Correct hypovolemia by restoring blood volume with a suitable plasma expander or whole blood before vasopressor administration. If a vasopressor is continuously administered to maintain blood pressure in the absence of blood volume replacement, severe peripheral and visceral vasoconstriction, decreased renal perfusion and urine output, poor systemic blood flow despite normal blood pressure, tissue hypoxia, and lactic acidosis may occur.  
Patients with a pheochromocytoma may experience a greater sensitivity to the adverse effects of catecholamines. 
Nardil (phenelzine) tablet package insert. New York, NY: Pfizer; 2009 Feb.
Lanoxin (digoxin) tablets package insert. St. Michael, Barbados: Concordia Pharmaceuticals Inc.; 2020 Apr..
Zyvox (linezolid) package insert. New York, NY: Pharmacia and Upjohn Company; 2021 Oct.
Thorazine (chlorpromazine) package insert. Research Triangle Park, NC: GlaxoSmithKline; 2017 Mar.
Dopamine hydrochloride and 5% dextrose injection package insert. Deerfield, IL: Baxter Healthcare Corporation; 2017 Jul.
Levophed (norepinephrine bitartrate) injection package insert. Lake Forest, IL: Hospira, Inc.;2020 Jun.
Hollenberg SM, Ahrens TS, Annane D, et al. Practice parameters for hemodynamic support of sepsis in adult patients: 2004 update. Crit Care Med 2004;32:1928-1948.
De Backer D, Biston P, Devriendt J, et al. Comparison of dopamine and norepinephrine in the treatment of shock. N Engl J Med 2010;362:779-89.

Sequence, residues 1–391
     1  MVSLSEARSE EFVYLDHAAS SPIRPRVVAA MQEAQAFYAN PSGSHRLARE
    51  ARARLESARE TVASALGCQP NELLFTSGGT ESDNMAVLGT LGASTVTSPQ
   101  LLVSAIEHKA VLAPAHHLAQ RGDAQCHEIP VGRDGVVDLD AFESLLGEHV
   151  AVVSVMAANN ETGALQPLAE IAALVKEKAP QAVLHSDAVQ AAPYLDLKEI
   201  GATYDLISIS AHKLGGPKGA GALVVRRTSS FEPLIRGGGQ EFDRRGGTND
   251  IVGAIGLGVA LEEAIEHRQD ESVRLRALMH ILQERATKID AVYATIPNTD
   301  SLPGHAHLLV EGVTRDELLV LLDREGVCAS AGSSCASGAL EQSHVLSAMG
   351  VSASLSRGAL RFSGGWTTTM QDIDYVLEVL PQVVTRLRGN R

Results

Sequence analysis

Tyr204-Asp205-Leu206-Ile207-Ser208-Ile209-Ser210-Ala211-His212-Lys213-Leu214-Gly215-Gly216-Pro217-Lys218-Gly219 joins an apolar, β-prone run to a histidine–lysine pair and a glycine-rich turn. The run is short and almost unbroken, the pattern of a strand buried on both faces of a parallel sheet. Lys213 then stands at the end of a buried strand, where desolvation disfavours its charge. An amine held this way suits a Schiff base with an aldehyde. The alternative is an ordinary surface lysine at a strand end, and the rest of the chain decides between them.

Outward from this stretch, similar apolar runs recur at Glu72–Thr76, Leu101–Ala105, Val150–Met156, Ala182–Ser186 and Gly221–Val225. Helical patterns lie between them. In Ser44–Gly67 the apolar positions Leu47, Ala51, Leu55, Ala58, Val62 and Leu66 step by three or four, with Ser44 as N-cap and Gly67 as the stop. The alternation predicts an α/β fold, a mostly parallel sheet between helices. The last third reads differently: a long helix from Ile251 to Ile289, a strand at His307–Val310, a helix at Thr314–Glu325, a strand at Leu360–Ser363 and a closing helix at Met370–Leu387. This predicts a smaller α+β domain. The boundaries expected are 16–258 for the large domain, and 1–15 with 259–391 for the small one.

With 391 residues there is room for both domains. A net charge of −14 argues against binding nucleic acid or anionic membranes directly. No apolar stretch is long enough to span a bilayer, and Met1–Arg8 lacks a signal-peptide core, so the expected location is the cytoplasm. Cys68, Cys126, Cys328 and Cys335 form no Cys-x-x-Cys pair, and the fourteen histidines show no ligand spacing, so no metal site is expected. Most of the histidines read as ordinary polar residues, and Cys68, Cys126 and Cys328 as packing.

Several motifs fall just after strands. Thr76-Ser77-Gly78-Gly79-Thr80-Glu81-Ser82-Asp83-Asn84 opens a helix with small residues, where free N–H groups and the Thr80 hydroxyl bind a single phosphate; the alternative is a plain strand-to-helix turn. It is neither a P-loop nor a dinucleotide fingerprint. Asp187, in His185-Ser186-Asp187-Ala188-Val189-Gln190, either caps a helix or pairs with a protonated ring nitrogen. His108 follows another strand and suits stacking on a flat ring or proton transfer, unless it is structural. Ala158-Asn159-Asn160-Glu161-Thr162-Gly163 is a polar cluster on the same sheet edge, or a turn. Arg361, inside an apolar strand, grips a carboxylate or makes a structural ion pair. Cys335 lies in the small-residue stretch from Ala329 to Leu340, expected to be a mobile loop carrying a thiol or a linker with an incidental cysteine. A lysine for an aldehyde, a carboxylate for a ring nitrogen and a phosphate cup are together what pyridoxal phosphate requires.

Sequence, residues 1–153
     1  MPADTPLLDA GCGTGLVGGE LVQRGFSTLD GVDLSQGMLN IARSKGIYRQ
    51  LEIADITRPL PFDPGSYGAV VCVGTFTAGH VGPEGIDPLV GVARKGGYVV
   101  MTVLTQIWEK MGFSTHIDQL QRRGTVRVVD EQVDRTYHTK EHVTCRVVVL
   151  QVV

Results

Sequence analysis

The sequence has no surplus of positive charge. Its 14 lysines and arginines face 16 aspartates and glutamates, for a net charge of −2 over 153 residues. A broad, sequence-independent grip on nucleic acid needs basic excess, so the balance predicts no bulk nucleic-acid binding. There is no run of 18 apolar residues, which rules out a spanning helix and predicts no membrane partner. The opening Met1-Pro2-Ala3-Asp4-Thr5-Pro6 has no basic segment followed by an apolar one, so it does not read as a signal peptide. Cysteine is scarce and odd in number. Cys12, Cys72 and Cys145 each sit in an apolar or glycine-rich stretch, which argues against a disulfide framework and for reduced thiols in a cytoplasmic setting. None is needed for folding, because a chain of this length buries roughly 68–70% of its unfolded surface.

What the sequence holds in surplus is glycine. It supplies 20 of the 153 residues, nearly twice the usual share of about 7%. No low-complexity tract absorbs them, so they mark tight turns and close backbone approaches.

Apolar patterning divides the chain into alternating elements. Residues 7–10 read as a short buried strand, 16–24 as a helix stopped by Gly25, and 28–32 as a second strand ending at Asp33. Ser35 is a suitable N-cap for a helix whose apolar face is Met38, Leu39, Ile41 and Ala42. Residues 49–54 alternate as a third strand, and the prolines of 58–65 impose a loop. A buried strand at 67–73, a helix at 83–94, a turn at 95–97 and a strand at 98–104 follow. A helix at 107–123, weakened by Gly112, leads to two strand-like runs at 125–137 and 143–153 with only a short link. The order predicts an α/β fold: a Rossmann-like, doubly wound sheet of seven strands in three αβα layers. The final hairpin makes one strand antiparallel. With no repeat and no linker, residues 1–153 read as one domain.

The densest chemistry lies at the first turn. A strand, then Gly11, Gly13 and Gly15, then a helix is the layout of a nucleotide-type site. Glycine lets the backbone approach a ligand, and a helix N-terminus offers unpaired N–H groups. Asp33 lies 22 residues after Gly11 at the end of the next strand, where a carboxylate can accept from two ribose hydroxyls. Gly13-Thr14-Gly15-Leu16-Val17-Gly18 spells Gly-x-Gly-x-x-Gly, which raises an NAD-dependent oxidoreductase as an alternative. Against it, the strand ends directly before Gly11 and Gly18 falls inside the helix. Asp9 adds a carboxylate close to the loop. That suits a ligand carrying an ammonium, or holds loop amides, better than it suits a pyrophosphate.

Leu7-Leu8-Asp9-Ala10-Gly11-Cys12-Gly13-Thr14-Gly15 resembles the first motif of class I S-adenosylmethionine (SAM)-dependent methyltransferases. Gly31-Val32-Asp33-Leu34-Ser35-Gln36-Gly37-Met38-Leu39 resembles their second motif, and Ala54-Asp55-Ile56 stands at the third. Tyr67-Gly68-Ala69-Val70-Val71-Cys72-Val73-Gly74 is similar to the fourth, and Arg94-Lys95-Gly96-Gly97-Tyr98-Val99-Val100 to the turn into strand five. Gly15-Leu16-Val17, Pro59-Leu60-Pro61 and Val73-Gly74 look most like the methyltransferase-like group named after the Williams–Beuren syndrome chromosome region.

Overgaard CB, Dzavik V. Inotropes and vasopressors: review of physiology and clinical use in cardiovascular disease. Circulation 2008;118:1047-1056.
Vazculep (phenylephrine) injection package insert. Chesterfield, Mo: Avadel Legacy Pharmaceuticals, LLC; 2019 Oct.
Epinephrine 1 mg/mL injection package insert. Largo, FL: Belcher Pharmaceuticals, LLC; 2021 Sept.
Conray (iothalamate meglumine) injection package insert. Raleigh, NC: Guerbet; 2022 Feb.
Giapreza (angiotensin II) injection package insert. San Diego, CA: La Jolla Pharmaceutical Company; 2017 Dec.
Khanna A, English SW, Wang XS, et al. Angiotensin II for the treatment of vasodilatory shock. N Engl J Med 2017;377:419-430.
Biorphen (phenylephrine hydrochloride) injection package insert. Deer Park, IL; Eton Pharmaceuticals, Inc.: 2021 Mar.